JP MILLER Died Nov. 1, 2001
Emmy Award winning writer JP Miller died of pneumonia at age 81. Mr. Miller was nominated for four Emmy awards during his long career. He won for the 1969 TV movie "The People Next Door." Mr. Miller may be best known for his screenplay "The Days of Wine and Roses." "The Days of Wine and Roses" is a powerful portrait of an alcoholic, which still retains its power. Other credits include "Behold a Pale Horse" starring Gregory Peck, John Frankenheimer’s "The Young Savages" and the TV films "The Lindbergh Kidnapping Case" with Anthony Hopkins" and "Helter Skelter" about the Tate/Labianca murders.
ROY BOULTING Died Nov. 5, 2001
Before there were the Coen Brothers, or the Singleton Brothers or the Farrelley Brothers there were the Boulting Twins. Roy and John Boulting were powers in the British film industry from the 1930s through the 80s. The brothers alternated producing and directing the films they worked on together. They formed Charter Films in the 1930s. In the 1960s, they joined the board of directors of British Lion Films. The Boulting brothers are credited with bringing that studio back to life. Mr. Boulting was married six times. His most infamous marriage was to actress Hayley Mills, 33 years his junior. Mr. Boulting’s film credits include "There’s a Girl in My Soup!" with Peter Sellers and Goldie Hawn, "The Family Way" with future wife Hayley Mills, "The Risk" and "Young Scarface." Mr. Boulting directed (uncredited) the Oscar winning Documentary Feature "Desert Victory."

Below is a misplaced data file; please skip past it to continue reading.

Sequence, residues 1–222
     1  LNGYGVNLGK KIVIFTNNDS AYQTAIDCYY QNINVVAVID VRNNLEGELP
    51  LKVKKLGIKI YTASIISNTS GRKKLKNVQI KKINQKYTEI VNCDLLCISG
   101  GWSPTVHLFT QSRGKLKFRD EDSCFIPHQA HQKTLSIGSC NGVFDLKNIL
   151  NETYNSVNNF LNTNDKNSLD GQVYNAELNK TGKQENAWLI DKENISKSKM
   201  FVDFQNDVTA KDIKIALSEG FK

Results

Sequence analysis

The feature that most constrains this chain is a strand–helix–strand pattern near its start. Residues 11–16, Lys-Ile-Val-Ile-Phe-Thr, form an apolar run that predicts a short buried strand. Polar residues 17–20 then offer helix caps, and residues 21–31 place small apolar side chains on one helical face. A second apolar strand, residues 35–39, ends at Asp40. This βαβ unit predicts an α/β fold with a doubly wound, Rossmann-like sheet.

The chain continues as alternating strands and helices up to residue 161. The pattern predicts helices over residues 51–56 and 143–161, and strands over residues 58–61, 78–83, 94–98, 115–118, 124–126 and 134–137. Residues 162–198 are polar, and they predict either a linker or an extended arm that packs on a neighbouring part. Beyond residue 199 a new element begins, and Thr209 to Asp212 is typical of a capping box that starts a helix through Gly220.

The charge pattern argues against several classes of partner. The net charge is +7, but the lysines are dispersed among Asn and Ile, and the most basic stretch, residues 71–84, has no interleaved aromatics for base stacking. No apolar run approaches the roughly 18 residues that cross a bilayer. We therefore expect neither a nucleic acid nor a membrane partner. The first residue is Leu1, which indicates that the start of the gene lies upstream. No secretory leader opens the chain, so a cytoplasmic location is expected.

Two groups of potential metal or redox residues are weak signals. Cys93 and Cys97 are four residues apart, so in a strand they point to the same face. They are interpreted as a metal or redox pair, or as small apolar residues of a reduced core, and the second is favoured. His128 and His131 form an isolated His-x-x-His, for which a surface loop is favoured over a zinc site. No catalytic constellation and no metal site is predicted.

JOAN MARION Died Nov. 5, 2001
Tasmanian born actress Joan Marion died at age 83. Ms. Marion appeared and starred in a number of British films during the 1930s and 40s. Ms. Marion’s best-known role was as the wife of suspected murderer Raymond Massey in "Black Limelight." Ms. Marion appeared as herself in the documentary "I Used to Be in Pictures."
ANTHONY SHAFFER Died Nov 6, 2001
Anthony Shaffer, author of "The Wicker Man," one of the greatest occult thrillers ever made, died on November 6. Mr. Shaffer also wrote the great thriller "Sleuth." The film version of "Sleuth" starred Laurence Olivier and Michael Caine. "Sleuth" was one of only a few films in which the entire cast was nominated for an Oscar. Mr. Shaffer won a Tony Award for the stage version. Mr. Schaffer was the twin brother of playwright Peter Scheffer: "Equus" and "Amadeus."
NIDA BLANCA Died Nov. 7, 2001
Award winning Philippine actress Nida Blanca was found murdered in the trunk of her car in San Juan, the Philippines. Ms. Blanca was a highly respected actress with numerous film credits in her native land. Ms. Blanca won both Best Actress and Best Supporting Actress awards from the Philippine FAMAS Awards. Ironically, there was a news flash as I was researching this obituary on May 14, 2003. Mr. Blanca’s husband Rod Lauren Strunk was just arrested by US Marshals as the prime suspect in his wife’s murder.